"The satellites we are going to launch imminently are Earth observation satellites. We believe those satellites will be of much benefit to the national economy in general and improving the people's living standards in particular," said Kim Gun Song.
Space power dream
There's been much speculation internationally that NADA will carry out its next launch in the coming weeks. Scientists would not reveal a specific launch date or timeframe, saying there are a variety of factors that must align before a launch occurs. However, they did claim the launch is "imminent."
"We have got our own schedule we have got our own program of launching our peaceful satellites. We have achieved some good progress in our work," Hyon said. "Our ultimate goal is to turn the DPRK into a major space power."
The scientists say they're not aiming to launch satellites on any particular date, despite the hype surrounding the upcoming Party Foundation Day on October 10. A countdown sign to the major national anniversary is posted at NADA's front gate.
"I think what is very wrong about those people when they try to understand the DPRK's space program is that they seem to think that we are about to launch a satellite on a particular festival day, on a particular anniversary or on a major holiday. The launch of a satellite itself, it's a very hard and difficult procedure. It's a concentration of all important elements of science and technology, specially cutting edge science. This important scientific work is not something that you must implement on a particular day," Hyon added.
Hyon acknowledged that Americans and others around the world may be concerned about the upcoming launch but said those fears are not justified.
"Why on Earth would we have any intention to drop nuclear missiles on the heads of people throughout the world, including of course the people of the United States?"
But just this month, North Korea's own state media said it's "fully ready" to use nuclear weapons "at any time." That bombastic rhetoric triggered a harsh warning from U.S. Secretary of State John Kerry.
Kerry warned of "severe consequences"
if North Korea does not refrain from "its irresponsible provocations that aggravate regional concerns."
North Korea is already under severe sanctions for its nuclear program. But the cash-strapped country continues investing heavily in its space agency, even as wealthier nations cut back.
Scientists get perks like special housing and their own vacation resort -- even as their nation faces food and electricity shortages.
"Our will and determination will not change," Hyon said. "Our space program, especially our satellite launches, are not diplomatic bargains, they should not be seen as diplomatic leverage."
The scientists pledged to continue what they call "important scientific and technological work," that they claim will improve the living standards of North Korea's 24 million citizens.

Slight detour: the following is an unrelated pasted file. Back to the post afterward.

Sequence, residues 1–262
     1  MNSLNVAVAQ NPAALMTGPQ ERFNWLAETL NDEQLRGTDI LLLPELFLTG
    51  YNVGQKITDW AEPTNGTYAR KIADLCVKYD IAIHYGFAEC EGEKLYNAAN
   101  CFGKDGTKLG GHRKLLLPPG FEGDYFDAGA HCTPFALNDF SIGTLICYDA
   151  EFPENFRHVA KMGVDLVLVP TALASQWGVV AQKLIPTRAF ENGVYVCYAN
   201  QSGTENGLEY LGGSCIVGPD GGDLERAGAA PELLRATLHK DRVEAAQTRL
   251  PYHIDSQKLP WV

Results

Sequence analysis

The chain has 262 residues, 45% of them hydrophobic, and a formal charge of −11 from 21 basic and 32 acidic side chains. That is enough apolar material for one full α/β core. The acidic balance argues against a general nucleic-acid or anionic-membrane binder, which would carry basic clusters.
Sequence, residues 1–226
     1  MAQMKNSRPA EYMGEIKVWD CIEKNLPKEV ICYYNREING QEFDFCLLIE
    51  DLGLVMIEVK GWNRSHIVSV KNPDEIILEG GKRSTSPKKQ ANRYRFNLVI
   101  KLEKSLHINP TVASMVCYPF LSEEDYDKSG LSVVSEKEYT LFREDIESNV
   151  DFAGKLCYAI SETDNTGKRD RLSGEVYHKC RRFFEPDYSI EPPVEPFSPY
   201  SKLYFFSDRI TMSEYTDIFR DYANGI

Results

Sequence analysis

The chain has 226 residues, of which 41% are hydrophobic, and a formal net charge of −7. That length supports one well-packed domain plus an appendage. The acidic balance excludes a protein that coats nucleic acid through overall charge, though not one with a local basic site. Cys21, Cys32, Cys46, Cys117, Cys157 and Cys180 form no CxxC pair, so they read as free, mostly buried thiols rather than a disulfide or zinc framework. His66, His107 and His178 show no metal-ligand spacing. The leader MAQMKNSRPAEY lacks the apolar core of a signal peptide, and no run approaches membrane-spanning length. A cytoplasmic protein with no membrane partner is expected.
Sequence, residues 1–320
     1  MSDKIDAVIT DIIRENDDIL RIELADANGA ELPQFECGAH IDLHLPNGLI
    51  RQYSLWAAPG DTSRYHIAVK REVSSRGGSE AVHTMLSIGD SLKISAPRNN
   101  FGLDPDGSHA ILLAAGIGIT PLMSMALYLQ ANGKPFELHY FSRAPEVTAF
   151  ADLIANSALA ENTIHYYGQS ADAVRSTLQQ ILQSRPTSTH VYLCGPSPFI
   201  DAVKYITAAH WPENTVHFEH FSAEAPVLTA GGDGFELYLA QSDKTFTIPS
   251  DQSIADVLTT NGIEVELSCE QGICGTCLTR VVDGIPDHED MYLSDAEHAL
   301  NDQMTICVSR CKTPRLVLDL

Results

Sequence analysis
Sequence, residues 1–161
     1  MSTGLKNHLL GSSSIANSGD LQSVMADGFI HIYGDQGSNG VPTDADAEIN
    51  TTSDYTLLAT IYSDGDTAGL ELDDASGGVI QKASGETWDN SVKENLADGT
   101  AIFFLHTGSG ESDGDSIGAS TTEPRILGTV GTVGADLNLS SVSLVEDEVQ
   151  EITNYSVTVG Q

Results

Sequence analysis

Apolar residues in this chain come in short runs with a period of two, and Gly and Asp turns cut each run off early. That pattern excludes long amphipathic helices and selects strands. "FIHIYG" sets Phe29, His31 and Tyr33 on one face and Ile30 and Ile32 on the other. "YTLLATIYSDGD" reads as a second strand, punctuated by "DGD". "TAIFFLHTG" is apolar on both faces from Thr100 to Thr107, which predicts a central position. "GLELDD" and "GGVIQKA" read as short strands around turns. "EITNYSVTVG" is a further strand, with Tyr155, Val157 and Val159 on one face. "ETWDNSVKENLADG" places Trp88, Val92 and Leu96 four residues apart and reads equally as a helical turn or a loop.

The U.N. World Food Program says 18 million North Koreans -- 70% of the population -- are "food insecure," or highly vulnerable to food shortages.
Threats of imminent war and nuclear destruction are aimed at the U.S. from North Korea all the time. Many analysts believe North Korea could well possess a nuclear weapon capable of being mounted on a missile and able to reach some parts of the U.S. But they continue to doubt its reliability and accuracy.
North Korea certainly does have a missile development program. It has been producing its own short and medium range ballistic missiles since the 1980s. It now claims to have perfected intercontinental ballistic missiles, able to reach as far as the mainland United States.
But is the satellite program genuine or merely a cover for a military program? Both use similar rocket technology. And why else would an impoverished country like North Korea spend so much on what some would call an unaffordable luxury? It is a question these exasperated scientists are tired of hearing.
They say their new facility features a meeting room where international scientists can sit down together and talk about space programs. They've even constructed a press center for international journalists to work. But both sit empty, as the scientists and their work remain isolated. Hostilities between the regime and much of the outside world severely limits communication and travel to and from the isolated nation, greatly restricting their ability to share information with outside scientists.
"We are developing satellite technology, we are exploring outer space, not because we are in a very good position, well off economically. We still have a lot of economic problems. Even today we are tightening our belts to survive and to improve. All the same, we are investing a lot into this space program. We will continue, regardless of what people say," said Kim Gun Song.
He said the "real threat" is from the United States and other world powers, which have huge budgets and the ability to use outer space for military purposes.
One thing is clear: North Korea is determined to catch up in the space race, encouraging scientists to work feverishly.